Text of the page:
The Senate legislation comes down mostly on the liberal side on the question of a new government-run health-insurance plan or "public option," a flashpoint in the debate so far. It would include a public option, but unlike the House version, states would have the option of not participating. As in the House, the Senate plan would have the public plan negotiate payment rates directly with health-care providers, rather than tying payments to Medicare's low rates. Those were concessions to centrists worried about government's footprint in the private sector.
President Obama said the legislation would help fix the problems of rising insurance premiums, increasing medical costs and the instability felt by those who lack insurance. "We're closer than ever to enacting solutions to these problems," he said.
"Tonight represents the last leg of this journey we've been on for a while now," Mr. Reid said. He met Wednesday with Vice President Joe Biden, and many Democrats voiced hope the majority leader will be able to secure the votes needed to overcome Republican opposition and move to the debate.
"We're going to clear the hurdles," said Massachusetts Sen. John Kerry. But the outcome remains uncertain. "I'm not going to assume a single vote," said Illinois Sen. Richard Durbin, the Democratic whip.
Still to be fought out is the issue of abortion. The Senate bill provides wider insurance coverage for abortion than the House legislation. Among other things, the Senate's proposal would allow women who receive government subsidies to buy insurance to enroll in a plan that covers abortion, while the House bill would bar that. Sen. Orrin Hatch (R., Utah) said he wanted to force the Senate to vote on whether to adopt the House limits. "We'll have a major debate," he said.
Funding the bill is proving troublesome. Mr. Reid decided to pare back a proposed tax on high-value insurance plans, bowing to liberal and union complaints that the measure would hit middle-class families. Under his proposal, the tax would fall on plans valued at more than $23,000 for couples, up from $21,000 in legislation written by the Senate Finance Committee. The tax was estimated to raise $149 billion over ten years, far less than earlier envisioned.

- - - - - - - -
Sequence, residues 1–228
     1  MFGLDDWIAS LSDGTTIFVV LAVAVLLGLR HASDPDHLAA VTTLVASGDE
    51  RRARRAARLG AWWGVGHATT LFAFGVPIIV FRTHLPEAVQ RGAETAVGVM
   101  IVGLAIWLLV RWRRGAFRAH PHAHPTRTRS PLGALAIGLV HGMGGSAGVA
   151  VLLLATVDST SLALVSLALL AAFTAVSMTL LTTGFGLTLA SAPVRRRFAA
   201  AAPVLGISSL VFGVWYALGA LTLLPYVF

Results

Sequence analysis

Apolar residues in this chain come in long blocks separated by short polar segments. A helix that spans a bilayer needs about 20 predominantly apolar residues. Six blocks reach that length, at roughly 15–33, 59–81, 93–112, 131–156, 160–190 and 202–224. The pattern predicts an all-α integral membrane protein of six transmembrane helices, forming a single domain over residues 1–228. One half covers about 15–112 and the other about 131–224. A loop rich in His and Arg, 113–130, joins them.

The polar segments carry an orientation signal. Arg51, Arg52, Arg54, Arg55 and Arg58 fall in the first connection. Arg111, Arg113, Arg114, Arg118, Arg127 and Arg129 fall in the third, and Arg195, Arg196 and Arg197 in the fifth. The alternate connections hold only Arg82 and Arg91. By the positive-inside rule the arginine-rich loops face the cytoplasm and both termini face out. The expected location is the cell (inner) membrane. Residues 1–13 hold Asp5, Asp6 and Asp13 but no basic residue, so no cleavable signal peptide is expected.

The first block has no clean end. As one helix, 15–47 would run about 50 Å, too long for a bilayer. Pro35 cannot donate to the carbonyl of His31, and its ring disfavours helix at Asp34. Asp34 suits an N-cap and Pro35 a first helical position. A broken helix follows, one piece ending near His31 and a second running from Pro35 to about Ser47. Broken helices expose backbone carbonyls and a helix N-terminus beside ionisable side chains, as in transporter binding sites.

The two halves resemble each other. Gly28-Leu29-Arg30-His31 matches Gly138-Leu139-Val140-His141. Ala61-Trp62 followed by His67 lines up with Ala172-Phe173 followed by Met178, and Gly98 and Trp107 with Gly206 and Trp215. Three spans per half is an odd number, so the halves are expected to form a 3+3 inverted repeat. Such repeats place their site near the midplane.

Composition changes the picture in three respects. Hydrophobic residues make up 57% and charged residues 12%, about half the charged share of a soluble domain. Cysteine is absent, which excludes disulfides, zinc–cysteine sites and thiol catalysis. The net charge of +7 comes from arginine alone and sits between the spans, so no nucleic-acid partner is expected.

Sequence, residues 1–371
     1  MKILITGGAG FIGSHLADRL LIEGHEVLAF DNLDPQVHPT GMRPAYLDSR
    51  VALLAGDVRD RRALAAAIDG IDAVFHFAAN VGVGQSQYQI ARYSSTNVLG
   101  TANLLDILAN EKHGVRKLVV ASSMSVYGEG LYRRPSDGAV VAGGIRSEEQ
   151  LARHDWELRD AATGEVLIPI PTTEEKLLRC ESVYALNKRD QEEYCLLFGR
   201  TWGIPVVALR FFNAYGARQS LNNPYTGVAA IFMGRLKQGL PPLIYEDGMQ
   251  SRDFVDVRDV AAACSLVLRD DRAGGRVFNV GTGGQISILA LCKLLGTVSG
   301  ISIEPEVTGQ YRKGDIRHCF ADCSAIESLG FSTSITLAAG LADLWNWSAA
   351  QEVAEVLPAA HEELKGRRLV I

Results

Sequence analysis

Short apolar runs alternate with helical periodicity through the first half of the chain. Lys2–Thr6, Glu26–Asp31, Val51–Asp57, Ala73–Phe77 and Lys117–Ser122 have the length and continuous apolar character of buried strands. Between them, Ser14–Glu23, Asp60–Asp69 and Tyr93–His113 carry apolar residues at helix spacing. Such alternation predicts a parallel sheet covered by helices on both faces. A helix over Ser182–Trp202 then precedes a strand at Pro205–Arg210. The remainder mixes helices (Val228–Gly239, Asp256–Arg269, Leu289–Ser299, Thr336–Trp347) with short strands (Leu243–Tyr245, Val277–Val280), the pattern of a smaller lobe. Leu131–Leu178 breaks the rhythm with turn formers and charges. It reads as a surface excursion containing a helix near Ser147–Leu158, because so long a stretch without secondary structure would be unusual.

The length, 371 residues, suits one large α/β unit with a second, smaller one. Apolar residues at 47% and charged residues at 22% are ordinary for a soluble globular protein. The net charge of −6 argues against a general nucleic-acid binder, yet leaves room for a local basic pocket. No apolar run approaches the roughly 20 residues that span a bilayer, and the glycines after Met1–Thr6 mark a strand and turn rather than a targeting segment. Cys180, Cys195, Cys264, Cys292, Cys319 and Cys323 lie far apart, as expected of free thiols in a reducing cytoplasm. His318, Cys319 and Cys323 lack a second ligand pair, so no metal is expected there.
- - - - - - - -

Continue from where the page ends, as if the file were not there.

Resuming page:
To help make up for the lost revenue, Mr. Reid inserted a provision that would raise Medicare payroll taxes on couples with income of more than $250,000 a year. For those families, the levy would be raised to 1.95%, up from 1.45%. Overall, the proposal would bring in $54 billion over ten years. Mr. Reid is also proposing a new tax on elective cosmetic surgery, generating $5 billion.
Both the House and Senate bills make hundreds of billions of dollars in proposed cuts in spending on Medicare. But the two chambers differ on how to raise revenue. The House legislation relies largely on an income surtax on the wealthy. The Senate bill would raise money across a range of health care sources.
Nearly every American would be required to obtain insurance, either through work, the newly created exchange or some other program. Low and middle income individuals and families would in many cases qualify for government assistance, such as the new tax subsidies that would be created. But if they chose not to obtain insurance, they could face a penalty up to $750.
To help ease the financial burden on workers, Mr. Reid lowered the maximum amount the bill would require them to spend on premiums, capping premiums at 9.8% of income, down from 12%.
Under the Senate bill, the employer-provided health insurance system would still continue. But any company that decided not to cover its workers would have to pay a fine to help cover the government's cost of covering those individuals.